Permeability of soil is the property which explain the ease with which water flow through the soil with the help of interconnecting voids.
EXAMPLE- Gravel(1cm/sec) > Sand(1-0.001cm/s) > Silt(0.001-0.000001)
NOTE– Permeability of soil depends upon size of particle. as the size of particle increases permeability increases.
SI unit of permeability is cm/sec.
Permeability is denoted by K.
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PERMEABILITY OF SOIL DEPENDS UPON
- Particle size
- Impurities in the water
- Void ratio
- The degree of saturation
- Absorbed water to entrapped air and organic matter
METHOD TO FIND OUT PERMEABILITY OF SOIL
- CONSTANT HEAD PERMEABILITY TEST
- FALLING HEAD PERMEABILITY TEST
CONSTANT HEAD PERMEABILITY TEST
Constant Head Permeability Test- This presentation covers the measurement of hydraulic conductivity using a constant head permeameter This figure illustrates the key parts of any constant head permeameter The tests consists of a cylindrical specimen of soil with a cross sectional area of A and length of l. The top of the specimen is hydraulically connected to an upper reservoir and the bottom of the specimen is hydraulically connected to a lower reservoir. The reservoirs are designed such that the elevation of the water in each is constant. The change in head across the sample, delta H, is then just the difference in the elevation of the water surface of the upper and lower reservoir. If we maintain a constant delta H, the flow out of the lower reservoir, q, will be equal to the flow of water through the sample.
We can measure q by measure the time it takes for the flow to fill up a container of known volume. To determine the hydraulic conductivity, we first compute the hydraulic gradient, i, as delta H over l. We will then use Darcy’s law, q equals k,i, A, to compute the hydraulic conductivity, k. To do this we rearrange the equation to get k on the left side of the equation and we have k equals Q divided i, A.This photo shows the permeameter we will be using in your lab. The test section containing the soil specimen is located near the bottom of the device. Below the test section is the drain section which is simply used to hydraulically connect the bottom of the sample to the lower reservoir.
Above the test section is a Mariotte bottle which will be used to both control the elevation of the reservoir above the specimen and allow us to compute the flow rate, q. The entire device will be placed into a bucket which will be used to keep the sample saturated and control the elevation of the lower reservoir. The Mariotte bottle contains a lower fill line and an upper vent line.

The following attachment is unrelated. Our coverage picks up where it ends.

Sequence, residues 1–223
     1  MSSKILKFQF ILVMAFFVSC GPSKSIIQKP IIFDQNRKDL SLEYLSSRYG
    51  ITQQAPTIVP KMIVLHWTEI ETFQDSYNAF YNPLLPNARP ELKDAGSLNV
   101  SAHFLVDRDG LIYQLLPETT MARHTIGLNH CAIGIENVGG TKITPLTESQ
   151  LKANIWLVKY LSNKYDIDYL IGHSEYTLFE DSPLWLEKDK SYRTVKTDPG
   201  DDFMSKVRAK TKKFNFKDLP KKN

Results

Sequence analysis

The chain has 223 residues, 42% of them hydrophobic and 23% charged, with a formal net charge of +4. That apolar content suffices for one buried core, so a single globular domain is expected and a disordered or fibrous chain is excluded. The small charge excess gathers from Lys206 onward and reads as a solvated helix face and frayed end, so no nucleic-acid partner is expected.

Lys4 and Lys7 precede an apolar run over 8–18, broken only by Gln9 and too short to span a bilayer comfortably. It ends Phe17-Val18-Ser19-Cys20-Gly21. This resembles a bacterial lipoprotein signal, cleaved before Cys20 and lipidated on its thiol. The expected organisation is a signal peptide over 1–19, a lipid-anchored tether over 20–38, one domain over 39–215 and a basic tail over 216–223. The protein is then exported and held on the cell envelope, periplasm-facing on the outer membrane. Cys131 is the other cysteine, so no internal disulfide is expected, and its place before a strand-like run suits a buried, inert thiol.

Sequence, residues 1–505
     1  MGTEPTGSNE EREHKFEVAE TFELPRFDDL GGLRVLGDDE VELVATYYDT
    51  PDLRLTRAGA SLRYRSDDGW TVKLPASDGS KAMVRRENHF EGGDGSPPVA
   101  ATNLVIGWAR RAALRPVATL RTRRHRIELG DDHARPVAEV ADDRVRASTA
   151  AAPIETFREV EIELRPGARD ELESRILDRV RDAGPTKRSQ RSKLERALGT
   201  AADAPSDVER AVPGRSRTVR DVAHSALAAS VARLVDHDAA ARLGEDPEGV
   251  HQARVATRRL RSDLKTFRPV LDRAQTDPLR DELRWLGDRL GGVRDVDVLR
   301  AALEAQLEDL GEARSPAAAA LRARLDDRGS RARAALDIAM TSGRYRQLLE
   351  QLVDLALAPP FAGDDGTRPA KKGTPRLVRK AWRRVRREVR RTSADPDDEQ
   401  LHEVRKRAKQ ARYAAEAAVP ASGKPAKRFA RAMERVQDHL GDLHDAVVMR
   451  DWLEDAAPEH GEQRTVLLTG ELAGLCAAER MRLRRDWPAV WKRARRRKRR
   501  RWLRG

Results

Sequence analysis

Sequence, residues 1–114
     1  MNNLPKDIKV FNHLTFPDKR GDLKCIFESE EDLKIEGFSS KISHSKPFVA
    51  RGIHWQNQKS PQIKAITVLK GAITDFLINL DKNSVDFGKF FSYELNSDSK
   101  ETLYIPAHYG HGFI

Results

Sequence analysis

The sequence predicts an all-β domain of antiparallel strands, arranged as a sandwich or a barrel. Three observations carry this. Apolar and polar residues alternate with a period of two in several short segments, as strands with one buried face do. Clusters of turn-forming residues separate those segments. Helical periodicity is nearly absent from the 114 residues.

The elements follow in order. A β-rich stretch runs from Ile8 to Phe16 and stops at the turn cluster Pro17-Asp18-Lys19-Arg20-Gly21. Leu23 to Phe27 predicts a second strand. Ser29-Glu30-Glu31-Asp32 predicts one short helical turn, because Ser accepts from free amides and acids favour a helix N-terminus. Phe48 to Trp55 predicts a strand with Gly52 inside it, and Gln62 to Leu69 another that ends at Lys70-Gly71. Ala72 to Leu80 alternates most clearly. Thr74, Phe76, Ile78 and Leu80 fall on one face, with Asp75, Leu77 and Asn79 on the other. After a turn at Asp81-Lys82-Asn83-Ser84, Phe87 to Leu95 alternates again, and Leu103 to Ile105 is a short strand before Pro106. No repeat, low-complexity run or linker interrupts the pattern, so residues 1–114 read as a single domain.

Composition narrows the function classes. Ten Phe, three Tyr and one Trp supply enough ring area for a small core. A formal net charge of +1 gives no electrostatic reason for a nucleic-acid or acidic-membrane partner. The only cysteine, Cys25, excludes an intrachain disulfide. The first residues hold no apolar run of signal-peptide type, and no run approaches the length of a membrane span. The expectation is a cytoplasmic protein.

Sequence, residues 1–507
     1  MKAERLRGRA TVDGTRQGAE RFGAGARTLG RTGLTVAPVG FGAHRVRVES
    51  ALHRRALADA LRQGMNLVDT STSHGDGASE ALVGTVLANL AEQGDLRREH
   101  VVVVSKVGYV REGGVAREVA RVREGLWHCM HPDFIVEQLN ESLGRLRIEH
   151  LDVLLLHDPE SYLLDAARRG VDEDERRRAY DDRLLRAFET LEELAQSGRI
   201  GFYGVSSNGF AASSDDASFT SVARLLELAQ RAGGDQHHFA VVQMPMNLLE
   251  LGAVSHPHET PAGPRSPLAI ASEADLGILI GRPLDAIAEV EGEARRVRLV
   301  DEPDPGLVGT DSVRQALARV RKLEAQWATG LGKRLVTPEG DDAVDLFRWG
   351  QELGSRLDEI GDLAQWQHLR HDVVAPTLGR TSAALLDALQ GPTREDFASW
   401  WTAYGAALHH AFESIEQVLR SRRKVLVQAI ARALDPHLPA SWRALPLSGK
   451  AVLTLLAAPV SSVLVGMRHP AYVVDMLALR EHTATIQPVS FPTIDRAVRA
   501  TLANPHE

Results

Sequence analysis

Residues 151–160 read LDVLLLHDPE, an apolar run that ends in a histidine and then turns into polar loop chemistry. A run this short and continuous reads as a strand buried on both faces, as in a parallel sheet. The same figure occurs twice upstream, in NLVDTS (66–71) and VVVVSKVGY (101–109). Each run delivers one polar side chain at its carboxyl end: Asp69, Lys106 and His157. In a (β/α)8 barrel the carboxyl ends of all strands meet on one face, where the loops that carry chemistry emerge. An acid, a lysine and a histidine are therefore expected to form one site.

These are used to fill the bottle with water before the test, but are both kept closed during the test. The top of the Mariotte bottle is sealed and an adjustable standpipe sticks down the center of the bottle. This standpipe is moved up and down to control head of water above the specimen. Finally, there is a scale along the side ofthe Mariotte bottle. This will be used to measure the elevation of the bottom of the standpipe and to measure the drop in water level in the bottle. We will measure the drop in the water level over time and use this measurement to compute the flow rate through the soil. This picture is a closeup of the soil test section. The test section has a diameter of 15.25 centimeter sand a height of 11.66 centimeters. The bottom of the test section is made of a perforated stainless steel sheet. A number 100 wire mesh screen is placed on top of the stainless steel sheet to retain all the soil in the test section. The specimen is prepared by filling the test section with soil and compacting that soil to the desired density. after that for finding permeability of soil Vibratory compaction is used to densify the soil. Once the test section is filled and compacted another number 100 mesh screen is placed on top of the soil and another perforated stainless plate on top of the mesh. This keeps the soil in the test section. The Mariotte bottle is then connected to the top of the test section using the neoprene band and hose clamps as shown. This image shows a close up of the soil specimenin the test section with the Mariotte bottle connected above and the drain section connected below. When the entire apparatus is assembled, it’s placed in a bucket to saturate the sample. The bucket has a standpipe attached which will control the elevation of the water level in the bucket thereby creating a fixed elevation for the lower reservoir. This schematic diagram will be used to describe how the test is performed. First with the upper vent line open, the Mariotte bottle is filled through the lower fill line. Once bottle is filled, both valves are closed. They will remain closed throughout the test. The top of the standpipe in the Mariotte bottle is open to the atmosphere. Therefore, the both points A and B are subject to atmospheric pressure. Since the Mariotte bottle is sealed at the top, there is a vacuum formed at the top of the bottle. This vacuum is what holds up the column of water in the Mariotte bottle. Since A and B are both at atmospheric pressure,they have the same pressure head. Therefore, the change in head across the specimen,delta H, is simply the difference in elevation between the top of the water in the bucket and the bottom of the standpipe in the Mariotte bottle. Since we know the length of the specimen,we can compute the hydraulic gradient as delta H over l. This animation will illustrate how the testis performed. Once the Mariotte bottle is filled and the standpipe height set, water will start flowing through the specimen, out the bottom of the permeameter and into the bucket. At the same time air bubbles will enter thebottle through the standpipe and travel up to the top of the bottle and the water level in the Mariotte bottle will drop. All this time water will be flowing out of the standpipe attached to the bucket. During the test, you will measure: The initial elevation of the water in the bottle, the final elevation of the water in the bottle,and the time required for the water to drop this distance. The change in elevation can then be determined. You now have all the data needed to compute the hydraulic gradient. The computations are: first, compute the hydraulic gradient as delta H over l. The volume, V, flowing through the sample is the inside diameter of the Mariotte bottle squared, minus the outside diameter of the standpipe squared, time pi, divided by 4, all times the change in elevation. Once you know the volume, you can calculate the flow rate, Q, as V over delta t. And, finally, you can compute the hydraulic gradient, k, as Q over the quantity i times A.You should make measurements at 3 or four different gradients by adjusting the elevation of the standpipe in the Mariotte bottle. This will give you multiple measurements which you can average to the get the average hydraulic conductivity. That’s all there is to it. It’s really a simple test.